ActionAid was founded in the United Kingdom in 1972 as Action in Distress. The organization originally focused on helping poor children gain access to primary education with the first projects being in Kenya and India. Since that time ActionAid has expanded to 47 countries in Africa, Asia, the Americas and Europe. We work with local communities, national governments and global institutions to fight for the rights of the world’s most excluded people.
In the 1970s, Action in Distress worked in conjunction with other Western charities, and often with church organizations whose schools and children's homes were the recipients of child sponsorship programs. Soon, though, the divisiveness of child sponsorship practices and the need for more integrated work became apparent; poor children might achieve literacy and numeracy, but what was the point if their parents could not grow enough food to feed them? Thus, we learned that while education was a key lever to lifting people out of poverty, it was not enough. By the late seventies, our work had begun to include vocational and agricultural training, while still supporting children with donations of school fees, clothes, and food.
Over the next several decades, as we learned more about what works in development and how we could best serve the communities where we had a presence, we adapted and evolved to include more advocacy and capacity building work. During the 1980s, Action in Distress became known as ActionAid and expanded its presence within Africa and Asia, and began to work not just with children but with whole families and communities. This was shaped by a growing commitment to partner with local communities using a bottom-up approach to development. The breadth of ActionAid's work broadened to include the supply of seeds, farming equipment and construction materials, and pumps, wells and taps for drinking water supply. Training in saving schemes and credit programs gave people access to financial know-how. ActionAid also supported income generation activities, such as weaving and beekeeping, through the supply of money and raw materials. Conflict resolution programs were held in places like Burundi and everywhere we worked, emphasis was placed on building a successful civil society.
ActionAid's work also began address the HIV/AIDS pandemic, giving practical support to people living with the disease in 23 countries, as well as campaigning and advocating to make drugs, care, and treatment fair and unbiased. ActionAid was a pioneer in the NGO movement responding to HIV. In 1987, ActionAid played an instrumental role in the establishment of TASO (The AIDS Support Organization), the largest indigenous NGO providing HIV/AIDS services in Uganda.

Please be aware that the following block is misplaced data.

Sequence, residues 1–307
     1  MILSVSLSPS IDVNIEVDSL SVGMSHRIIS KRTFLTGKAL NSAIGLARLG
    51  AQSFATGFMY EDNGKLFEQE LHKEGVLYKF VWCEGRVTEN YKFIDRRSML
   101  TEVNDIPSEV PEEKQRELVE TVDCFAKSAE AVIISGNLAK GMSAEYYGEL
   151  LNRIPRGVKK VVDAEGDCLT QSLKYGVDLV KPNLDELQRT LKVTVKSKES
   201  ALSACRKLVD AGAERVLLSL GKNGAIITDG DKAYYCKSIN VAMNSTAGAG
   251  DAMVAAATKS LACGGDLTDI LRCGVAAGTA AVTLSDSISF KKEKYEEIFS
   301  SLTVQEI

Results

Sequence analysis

Between 1986 and 1995, ActionAid consisted of loosely assembled, member countries that planned programs independently, operated under a variety of logos and were relatively autonomous in terms of their management and governance structures. At this time, ActionAid was comprised of a group of European nonprofit organizations in: Britain, Greece, Italy, Spain, and France and later Brazil and the USA. In 1999, ActionAid underwent a massive realignment, becoming a rights-based organization. Along with structural changes such as expansion into the Americas and, more importantly, shilfting the power structure so that country programs in Africa, Asia, and the Americas drove the decision-making process, ActionAid began to focus more on supporting local partners and communities to understand and fight for their rights.
In the 1990s ActionAid was a forerunner in the use and creation of participatory approaches to development, which led to ActionAid's development of the UNESCO Literacy Prize-winning Reflect methodology for literacy and empowerment. An innovative participatory approach to adult learning and social change which has been adopted by over 500 organizations in 70 countries worldwide. Reflect links literacy with individual and community empowerment - strengthening the capacity of millions of people, particularly women, to secure their basic rights.
In 2003 ActionAid became a federation and moved our headquarters to Johannesburg, South Africa, making us the only international development organization with our headquarters in the Global South. Under the federation structure, each country program has its own National Board, which in many countries is accountable to a General Assembly that includes representatives of poor and excluded groups. In addition, over 95% of our staff work in the countries where they were born. The intention is to enhance accountability to local stakeholders, deepen legitimacy locally, and develop a local identity, all of which will enable deeper and more lasting impact in the fight against poverty. ActionAid USA, based in Washington,DC, is a member of the ActionAid federation.
- Year established:2001
- Organization type:Grantseeker
- Country of registration:United States
- Tax Determination Letter:Received Determination Letter
- IRS Section:501(c)(3)
Types of funding being sought (i.e. funding type)
- None specified
Program areas of focus and activity (i.e. funding cause)
- None specified
Geographic areas of focus and activity (i.e. geographic area)
- None specified